AOPO Submits Recommendations to CMS on Improving Organ Donation and Transplantation
It has been a busy time as the Association of Organ Procurement Organizations (AOPO) worked with its members on comments submitted this week in response to the recent Center for Medicare and Medicaid Services’ (CMS) Request for Information (RFI) on Health and Safety Requirements for Transplant Programs, Organ Procurement Organizations (OPOs), and End-Stage Renal Disease Facilities. AOPO’s comments provide recommendations on how to advance equity and reduce disparities in organ transplantation, along with focusing on stakeholder alignment and system-wide improvements.
We developed our recommendations with our 50,000 Annual Organ Transplants in 2026 campaign as the framework of the discussions. What is abundantly clear as we share our insights and ideas is that collaboration is the only way to propel the industry forward, preserving and strengthening what works while recognizing and exploring potential improvement areas. Together with CMS, our medical colleagues and community stakeholders, we can continue to explore innovations, information sharing, and policy alignment that can build toward AOPO’s goal.
Our recommendations provide OPOs’ expert perspectives on critically important issues in organ donation and transplantation, such as equity, OPO assessment and recertification, organ transport and tracking, and the donor referral process. We also addressed organ recovery facilities, “zero organ donors” and discarded organs, donation after circulatory determination of death (DCD), tissue banking, and organs for research. Following are highlights of recommendations proposed by AOPO. The full letter and AOPO comments can be found here.
Equity in Organ Transplantation and Organ Donation
Recommendation: AOPO recommends CMS incentivize diverse representation on stakeholder boards and internal committees that reflect the local community.
Recommendation: CMS should invest in qualified care navigators to help guide potential recipients through the process of being referred for transplant.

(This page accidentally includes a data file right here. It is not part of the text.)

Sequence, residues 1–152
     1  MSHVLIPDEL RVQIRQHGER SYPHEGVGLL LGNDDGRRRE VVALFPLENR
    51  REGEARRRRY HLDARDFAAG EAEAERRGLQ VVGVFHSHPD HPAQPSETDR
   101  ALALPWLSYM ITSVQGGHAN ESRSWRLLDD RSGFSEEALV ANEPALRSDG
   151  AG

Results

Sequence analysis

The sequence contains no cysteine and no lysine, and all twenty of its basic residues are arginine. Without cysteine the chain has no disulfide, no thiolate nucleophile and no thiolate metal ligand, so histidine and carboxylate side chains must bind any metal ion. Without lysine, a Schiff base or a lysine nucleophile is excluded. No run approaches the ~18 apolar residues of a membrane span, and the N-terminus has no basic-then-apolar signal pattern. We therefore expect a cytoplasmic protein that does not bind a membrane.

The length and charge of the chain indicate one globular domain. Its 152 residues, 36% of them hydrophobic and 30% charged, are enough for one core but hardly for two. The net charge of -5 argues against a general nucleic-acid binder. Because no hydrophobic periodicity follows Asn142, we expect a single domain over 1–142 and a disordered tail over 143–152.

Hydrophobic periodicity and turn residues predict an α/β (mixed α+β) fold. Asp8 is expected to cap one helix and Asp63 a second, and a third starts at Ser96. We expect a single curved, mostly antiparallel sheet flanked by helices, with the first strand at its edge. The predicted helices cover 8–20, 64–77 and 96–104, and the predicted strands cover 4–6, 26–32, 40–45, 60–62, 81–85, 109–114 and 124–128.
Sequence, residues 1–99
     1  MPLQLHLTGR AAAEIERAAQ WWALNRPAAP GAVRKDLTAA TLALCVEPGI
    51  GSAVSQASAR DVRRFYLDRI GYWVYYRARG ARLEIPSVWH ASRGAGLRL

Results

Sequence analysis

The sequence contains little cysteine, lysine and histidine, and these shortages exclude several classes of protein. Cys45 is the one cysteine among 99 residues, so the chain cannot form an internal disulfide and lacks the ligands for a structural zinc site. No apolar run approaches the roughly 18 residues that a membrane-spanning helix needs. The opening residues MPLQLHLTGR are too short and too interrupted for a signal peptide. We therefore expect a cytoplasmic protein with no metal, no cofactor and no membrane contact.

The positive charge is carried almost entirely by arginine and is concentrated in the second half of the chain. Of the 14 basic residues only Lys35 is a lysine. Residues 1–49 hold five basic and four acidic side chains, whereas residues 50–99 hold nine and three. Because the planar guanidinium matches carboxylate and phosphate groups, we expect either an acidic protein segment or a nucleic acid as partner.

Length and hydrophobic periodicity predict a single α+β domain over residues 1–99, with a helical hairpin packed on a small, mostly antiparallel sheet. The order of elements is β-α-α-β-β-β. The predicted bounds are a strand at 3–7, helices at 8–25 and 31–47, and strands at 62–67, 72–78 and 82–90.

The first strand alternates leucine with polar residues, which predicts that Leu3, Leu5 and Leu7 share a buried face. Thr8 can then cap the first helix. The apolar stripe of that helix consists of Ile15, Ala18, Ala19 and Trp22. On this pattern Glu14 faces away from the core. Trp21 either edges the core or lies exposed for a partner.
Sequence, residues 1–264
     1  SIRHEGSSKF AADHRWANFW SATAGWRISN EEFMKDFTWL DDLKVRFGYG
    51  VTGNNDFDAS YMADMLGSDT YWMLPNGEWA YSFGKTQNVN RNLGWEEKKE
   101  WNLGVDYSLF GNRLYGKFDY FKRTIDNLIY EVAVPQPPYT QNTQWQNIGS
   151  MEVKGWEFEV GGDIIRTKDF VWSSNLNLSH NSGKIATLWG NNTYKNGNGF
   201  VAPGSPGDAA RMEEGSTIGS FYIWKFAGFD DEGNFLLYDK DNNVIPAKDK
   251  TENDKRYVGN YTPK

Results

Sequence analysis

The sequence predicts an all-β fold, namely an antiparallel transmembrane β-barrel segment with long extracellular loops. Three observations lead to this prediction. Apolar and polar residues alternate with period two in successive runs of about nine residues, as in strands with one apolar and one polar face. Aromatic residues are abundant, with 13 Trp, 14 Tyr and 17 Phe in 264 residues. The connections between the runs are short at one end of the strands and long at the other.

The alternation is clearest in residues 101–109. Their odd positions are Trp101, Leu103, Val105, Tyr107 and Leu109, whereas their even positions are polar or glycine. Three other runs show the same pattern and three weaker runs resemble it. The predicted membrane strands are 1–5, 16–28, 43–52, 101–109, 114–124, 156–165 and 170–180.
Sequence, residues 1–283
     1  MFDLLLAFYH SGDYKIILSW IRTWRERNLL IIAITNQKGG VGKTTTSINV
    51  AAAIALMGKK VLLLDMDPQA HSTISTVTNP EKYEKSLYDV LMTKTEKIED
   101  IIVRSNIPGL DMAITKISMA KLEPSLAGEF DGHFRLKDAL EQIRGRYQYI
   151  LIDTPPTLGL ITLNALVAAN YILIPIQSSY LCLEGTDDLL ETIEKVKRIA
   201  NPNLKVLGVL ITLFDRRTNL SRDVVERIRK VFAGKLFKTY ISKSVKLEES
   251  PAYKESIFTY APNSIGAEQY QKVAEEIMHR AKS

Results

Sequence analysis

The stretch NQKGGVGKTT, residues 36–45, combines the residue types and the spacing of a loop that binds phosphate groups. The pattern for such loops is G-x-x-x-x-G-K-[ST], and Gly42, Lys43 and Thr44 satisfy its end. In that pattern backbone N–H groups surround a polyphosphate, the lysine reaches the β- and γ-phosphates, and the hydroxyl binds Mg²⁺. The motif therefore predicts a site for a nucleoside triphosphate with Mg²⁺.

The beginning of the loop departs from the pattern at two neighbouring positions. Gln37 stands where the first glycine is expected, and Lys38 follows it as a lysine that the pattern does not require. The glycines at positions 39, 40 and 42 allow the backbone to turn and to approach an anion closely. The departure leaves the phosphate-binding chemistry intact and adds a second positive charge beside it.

To see more recommendations, click here [page 3].
OPO Assessment and Recertification and Competition
Recommendation: In addition to evaluating superior performance on each of the outcome metrics, CMS should recognize and give significant weight to sustained improvement in an existing OPO’s Donor Service Area (DSA) when evaluating that OPO in a competitive process for its DSA.
Recommendation: Upon selecting a new OPO to take over a particular DSA, the selected OPO and CMS should agree on a transition timeline that considers the unique circumstances of that particular DSA and OPO and prioritizes minimizing service disruptions.
To see more recommendations, click here [page 6].
Organ Transport and Tracking
Recommendation: CMS should collaborate with stakeholders to develop outcome metrics to evaluate the effectiveness of new tracking and shipping innovations.
Recommendation: CMS should support the development of and widespread access to innovative, affordable organ tracking and shipment solutions, including by continuing to designate innovations in this space as Medicare allowable costs.
To see more recommendations, click here [page 7].
Donor Referral Process
Recommendation: Electronic donor referrals be automatically generated when specific clinical criteria are met.
Recommendation: CMS should incentivize donor hospitals and OPOs to work toward universal use of automated electronic referrals and Application Programming Interfaces (APIs) within the organ referral process.
To see more recommendations, click here [page 9].
“Zero Organ Donors” and Discarded Organs
Recommendation: CMS should establish a set of unified industry metrics with appropriate clinical risk adjustment mechanisms that incentivize all stakeholders to expand donor pools and push the boundaries of organ transplantation to save more lives.
Recommendation: CMS should incentivize the pursuit of “zero organ donors” as an important strategy to expand the availability of organs for transplant by counting these toward the donation metric, removing them from the denominator in the performance metric, giving a fractional credit for organs pursued with intent but not transplanted, or accounting for them as a separate metric.
To see more recommendations, click here [page 12].
We are working with CMS as a trusted partner in representing OPOs and their roles in the donation and transplantation process, and we look forward to future conversations continuing over the long term. As the leader of the OPO community, it is imperative that we share our perspective and best practices, that will lead to increased organ donations and ultimately more lives saved through transplantation.
Steve Miller, MBA, CAE